2 thoughts on “working and writing

  1. I’m a librarian, which is a job I love, but even a job you love gets old. I’d love to have the luxury of writing full-time, and I find it very difficult to eke out enough writing time, between my responsibilities to my job and my family (and I only work twenty hours a week!) I started my blog, and I access literary websites, so I can feel a part of the literary world, but the best communication is face to face. Maybe you could join a writer’s group? There’s one in my area I’m thinking of joining, and I’ve begun participating in an online poet’s group. Starting your own salon sounds wonderful!

    No matter what, here’s my advice: try to find a job you love, because it’s what you do all day, and what we do all day is our life. If I had it to do again, I’d have found a job in writing (or I’d be an archaeologist or a museum curator!), but believe me, being a librarian is working in a great environment. (Before that, I worked in a number of social service positions, and I was miserable.)

    I wouldn’t hesitate to take the library test again, if they offer it. Now you’ve taken it once, you know the kinds of questions they ask. When I “broke” into the library world, as a library associate, with a bachelor’s degree, and no experience in libraries, I got a bunch of library science textbooks out of the library, to familiarize myself with terminology, principles and reference sources, before I took the test. (I’m assuming there was a written test, along with evaluation of education and experience.) There may even be other library jobs that would give you a start, and you’ll want to check the public libraries in your area.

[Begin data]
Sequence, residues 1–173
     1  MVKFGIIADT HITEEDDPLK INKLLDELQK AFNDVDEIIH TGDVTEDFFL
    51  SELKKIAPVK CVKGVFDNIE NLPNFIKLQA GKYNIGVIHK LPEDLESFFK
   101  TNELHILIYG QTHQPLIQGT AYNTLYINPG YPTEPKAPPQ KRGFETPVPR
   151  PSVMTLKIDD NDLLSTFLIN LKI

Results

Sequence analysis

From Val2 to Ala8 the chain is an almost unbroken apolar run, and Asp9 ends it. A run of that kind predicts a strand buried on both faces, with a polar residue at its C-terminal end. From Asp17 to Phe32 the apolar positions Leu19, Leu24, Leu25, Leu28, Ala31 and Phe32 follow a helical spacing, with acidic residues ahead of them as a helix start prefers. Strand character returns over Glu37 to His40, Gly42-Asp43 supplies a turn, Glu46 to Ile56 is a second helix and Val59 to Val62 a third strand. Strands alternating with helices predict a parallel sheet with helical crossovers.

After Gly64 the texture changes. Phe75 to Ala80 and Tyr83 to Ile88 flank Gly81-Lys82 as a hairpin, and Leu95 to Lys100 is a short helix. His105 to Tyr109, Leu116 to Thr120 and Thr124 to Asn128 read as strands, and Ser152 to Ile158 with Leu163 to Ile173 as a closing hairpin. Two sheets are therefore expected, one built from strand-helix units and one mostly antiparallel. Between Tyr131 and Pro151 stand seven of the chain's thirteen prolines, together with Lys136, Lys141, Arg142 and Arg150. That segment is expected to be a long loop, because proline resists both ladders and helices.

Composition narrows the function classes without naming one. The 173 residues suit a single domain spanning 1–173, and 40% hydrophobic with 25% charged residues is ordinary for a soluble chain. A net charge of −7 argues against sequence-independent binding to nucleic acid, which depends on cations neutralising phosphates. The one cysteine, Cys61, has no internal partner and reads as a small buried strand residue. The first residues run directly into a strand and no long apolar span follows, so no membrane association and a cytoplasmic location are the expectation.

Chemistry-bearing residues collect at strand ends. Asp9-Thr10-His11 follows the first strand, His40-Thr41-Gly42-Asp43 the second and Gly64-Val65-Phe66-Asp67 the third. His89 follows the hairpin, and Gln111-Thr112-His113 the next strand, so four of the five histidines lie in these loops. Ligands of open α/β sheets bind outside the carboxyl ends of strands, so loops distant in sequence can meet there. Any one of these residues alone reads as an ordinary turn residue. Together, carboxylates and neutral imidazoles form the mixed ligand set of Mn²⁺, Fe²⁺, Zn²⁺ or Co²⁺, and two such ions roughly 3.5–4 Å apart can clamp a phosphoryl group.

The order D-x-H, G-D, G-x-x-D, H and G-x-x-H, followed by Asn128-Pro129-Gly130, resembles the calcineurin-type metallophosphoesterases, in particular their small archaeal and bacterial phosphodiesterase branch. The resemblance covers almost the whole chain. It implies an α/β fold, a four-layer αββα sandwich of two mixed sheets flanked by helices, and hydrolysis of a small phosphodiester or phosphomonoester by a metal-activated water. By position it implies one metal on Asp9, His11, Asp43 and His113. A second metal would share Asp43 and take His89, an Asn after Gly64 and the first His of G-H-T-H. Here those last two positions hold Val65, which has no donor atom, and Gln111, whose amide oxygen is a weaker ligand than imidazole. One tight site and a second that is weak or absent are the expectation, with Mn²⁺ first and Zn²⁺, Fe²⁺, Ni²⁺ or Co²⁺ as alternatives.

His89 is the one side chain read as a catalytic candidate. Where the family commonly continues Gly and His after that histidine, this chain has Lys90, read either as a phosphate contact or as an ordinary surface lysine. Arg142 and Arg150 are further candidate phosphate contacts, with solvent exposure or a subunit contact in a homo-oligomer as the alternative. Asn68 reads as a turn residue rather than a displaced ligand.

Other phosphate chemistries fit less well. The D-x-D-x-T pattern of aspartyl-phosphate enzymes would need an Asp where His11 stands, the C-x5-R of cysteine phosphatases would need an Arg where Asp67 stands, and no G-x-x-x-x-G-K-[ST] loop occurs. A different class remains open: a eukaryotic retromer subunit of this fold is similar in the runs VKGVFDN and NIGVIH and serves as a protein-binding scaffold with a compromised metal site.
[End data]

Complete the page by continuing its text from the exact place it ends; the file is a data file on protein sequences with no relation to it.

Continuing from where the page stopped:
Michaels is a good choice for a temporary job, so you’ve found a place you can enjoy for awhile. I love browsing the shelves and thinking about all the projects I’d never have time to do. I can see it being a fun place to work, especially at Christmas time. So, Good Luck! You’ll find the right job soon.

  2. I have been one of those people who has always had positions of ‘convenience’ (right time, place, etc. for my schedule or personal life) and many were lucrative, but I have never had a job that I absolutely loved. I thought that quitting the corporate environment and going back to school would have helped me find a job I really liked (at least ‘liked’) rather than one I loathed or felt trapped in. Education did not provide me this alternative; nor do I think it will. However, I do consider myself a more ‘qualified’ person for a wider spectrum of positions. When I consider great writers who did not make full-time jobs of writing (Stevens, William Carlos Williams; my man, Henry Green) or the academic route considered most convenient for writers, I have come to the conclusion that I would be happy doing anything for a living that allowed me to have time to also write and spend time with other writers. I am now considering doing any job that pays the bills and doesn’t require me to take work home or to be on-call. Start the ‘salon’.

Leave a Reply

Fill in your details below or click an icon to log in: Logo

You are commenting using your account. Log Out /  Change )

Google+ photo

You are commenting using your Google+ account. Log Out /  Change )

Twitter picture

You are commenting using your Twitter account. Log Out /  Change )

Facebook photo

You are commenting using your Facebook account. Log Out /  Change )


Connecting to %s